Bringing a little slice of Spain to Hong Kong, Chueca, named after the central city district of Madrid that’s popular for its tapas bars, recently opened its doors on Gough Street. The buzzy establishment is founded by Horacio and Qinjie Moreu, a husband-and-wife team who are new to the Hong Kong F&B scene. The couple met in Shanghai and have a background in finance and architecture, but their combined love of good eating brought them to open their first restaurant here.
The inviting blue-and-white interior, paired with pale, natural wooden tones, creates a relaxing holiday atmosphere. Designed by Yuki Yasukagawa of Design East, the airy dining room features a long, marble outfacing table that spans the entire length of the restaurant, extending the convivial ambience out onto the street.
Chef Jordi Vallés is the man behind the menu. He moved recently from his role at Pirata Group’s The Optimist and was also the executive chef at several of Aqua Group’s restaurants.
Our tasting began with cool glasses of strawberry basil smash ($70), a refreshing mocktail with an aromatic herbal undertone.
The truffled mushroom croquettes ($60 for 2) are topped with paper-thin slices of fresh black truffle. These arrived piping hot and had a crunchy exterior and gooey, rich interior.
The bikini sandwich ($130), a classic Spanish tapas favourite, is smeared with a jam of chorizo and cheese and drizzled with truffle honey.
Not part of the main menu, the specials’ board featured a fruity tapas of lobster and passion fruit ($100 for 2) that we just couldn’t resist. The corn nuts added a surprising crunch to the sweet, tangy combo.
The tuna tartare ($120 for 4) comes in small cracker cups that reminded us of the Indian dish panipuri. Each crunchy saucer has a bed of avocado mash topped with lean tuna and salmon roe. Although this dish is lean and clean, we wished it had more vibrant, contrasting flavours.
The Galician-style octopus ($190), served with paprika-dusted baked potatoes steeped in extra-virgin olive oil, was incredibly tender. The potatoes soak up plenty of flavour from the seasoning and match the octopus’ tenderness.
The Chef’s canelón ($180) is an indulgent dish of minced beef, pork and chicken, all rolled up in a pasta sheet that’s drenched in a porcini béchamel sauce and crowned with shaved black truffle. The creamy, aromatic combination makes for decadent comfort eating.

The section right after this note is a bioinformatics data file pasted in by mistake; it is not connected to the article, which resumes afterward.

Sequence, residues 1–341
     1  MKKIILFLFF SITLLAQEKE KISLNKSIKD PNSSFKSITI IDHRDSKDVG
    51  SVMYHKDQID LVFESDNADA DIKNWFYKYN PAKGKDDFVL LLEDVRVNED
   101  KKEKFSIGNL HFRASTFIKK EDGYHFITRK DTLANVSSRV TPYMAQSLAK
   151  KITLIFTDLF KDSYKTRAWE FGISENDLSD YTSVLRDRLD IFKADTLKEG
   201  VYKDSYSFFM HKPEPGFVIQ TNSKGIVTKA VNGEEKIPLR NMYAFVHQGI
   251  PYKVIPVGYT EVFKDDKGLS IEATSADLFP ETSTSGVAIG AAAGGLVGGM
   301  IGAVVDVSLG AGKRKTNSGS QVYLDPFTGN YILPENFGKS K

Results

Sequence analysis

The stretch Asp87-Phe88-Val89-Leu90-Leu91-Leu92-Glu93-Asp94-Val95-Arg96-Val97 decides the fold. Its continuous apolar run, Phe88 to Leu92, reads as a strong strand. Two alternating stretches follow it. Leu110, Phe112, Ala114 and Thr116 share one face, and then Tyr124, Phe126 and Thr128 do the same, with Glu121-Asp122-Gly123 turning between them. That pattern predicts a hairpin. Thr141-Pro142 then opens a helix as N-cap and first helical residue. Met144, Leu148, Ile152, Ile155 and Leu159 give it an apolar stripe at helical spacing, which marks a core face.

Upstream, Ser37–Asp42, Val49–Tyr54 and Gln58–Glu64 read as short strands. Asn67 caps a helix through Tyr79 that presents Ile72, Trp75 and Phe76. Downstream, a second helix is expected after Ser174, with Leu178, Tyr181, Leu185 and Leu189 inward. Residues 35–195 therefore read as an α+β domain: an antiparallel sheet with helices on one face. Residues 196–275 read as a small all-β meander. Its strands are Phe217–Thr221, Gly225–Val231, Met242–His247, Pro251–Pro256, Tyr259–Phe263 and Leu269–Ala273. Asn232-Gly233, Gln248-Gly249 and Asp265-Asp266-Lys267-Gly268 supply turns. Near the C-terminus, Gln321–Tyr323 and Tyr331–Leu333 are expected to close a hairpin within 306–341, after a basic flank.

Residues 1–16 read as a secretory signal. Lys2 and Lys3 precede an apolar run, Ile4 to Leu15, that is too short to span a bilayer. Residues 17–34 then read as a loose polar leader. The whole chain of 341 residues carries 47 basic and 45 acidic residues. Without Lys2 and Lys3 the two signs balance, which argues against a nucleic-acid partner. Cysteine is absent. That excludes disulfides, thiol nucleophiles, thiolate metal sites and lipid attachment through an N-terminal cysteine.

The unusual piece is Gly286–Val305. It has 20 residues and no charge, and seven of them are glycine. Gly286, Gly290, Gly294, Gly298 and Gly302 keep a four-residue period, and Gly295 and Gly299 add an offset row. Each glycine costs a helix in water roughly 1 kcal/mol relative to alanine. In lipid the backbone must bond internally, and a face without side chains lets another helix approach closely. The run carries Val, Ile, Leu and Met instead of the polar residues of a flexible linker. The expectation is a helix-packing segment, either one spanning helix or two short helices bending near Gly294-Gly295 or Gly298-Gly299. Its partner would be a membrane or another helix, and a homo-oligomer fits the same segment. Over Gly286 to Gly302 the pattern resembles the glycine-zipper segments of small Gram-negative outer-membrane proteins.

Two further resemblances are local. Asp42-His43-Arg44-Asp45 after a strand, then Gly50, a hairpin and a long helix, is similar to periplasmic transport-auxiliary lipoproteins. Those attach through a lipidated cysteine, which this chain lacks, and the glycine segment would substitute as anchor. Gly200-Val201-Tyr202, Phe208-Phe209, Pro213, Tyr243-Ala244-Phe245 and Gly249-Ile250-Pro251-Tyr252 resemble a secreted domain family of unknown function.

The slow-cooked lamb shoulder ($190), rolled into a medallion shape and topped with mojo verde
alongside pumpkin purée, was flavourful and tender. The lamb had been cooked until the connective tissue had broken down to addictive, sticky gooeyness. We just wished there were more of this dish to enjoy, especially considering the price.
The gambas in garlic-chilli olive oil ($160) arrived at the table with a little too much oil and not enough seasoning. Spanish dishes traditionally veer on the saltier side, but this dish would have benefited from an extra sprinkling of salt, as well as more garlic and chilli.
The homemade flan de nata ($80) is silky smooth. We particularly enjoyed the abundance of natural vanilla flavour that permeates this luscious dessert.
The Basque cheesecake ($90), topped with raspberry jam, is another creamy treat not to be missed – one of the best versions of this trendy Spanish dessert that we’ve tried in Hong Kong.
We love the sociable vibe of Chueca and can see this restaurant adding another layer of cool to the Gough Street neighbourhood, alongside other popular establishments like BEDU, CENSU and Little Bao. The dishes are on the pricier side when compared to their relatively small portion sizes, but the restaurant was packed during our weekday lunch tasting, so they must be doing something right. They also serve up a delicious-looking weekend brunch ($588/person) that includes a seafood platter, sharing tapas, a main and dessert.
This write-up is based on a complimentary media tasting provided in exchange for an honest review and no monetary compensation. The opinions expressed here represent the author’s.
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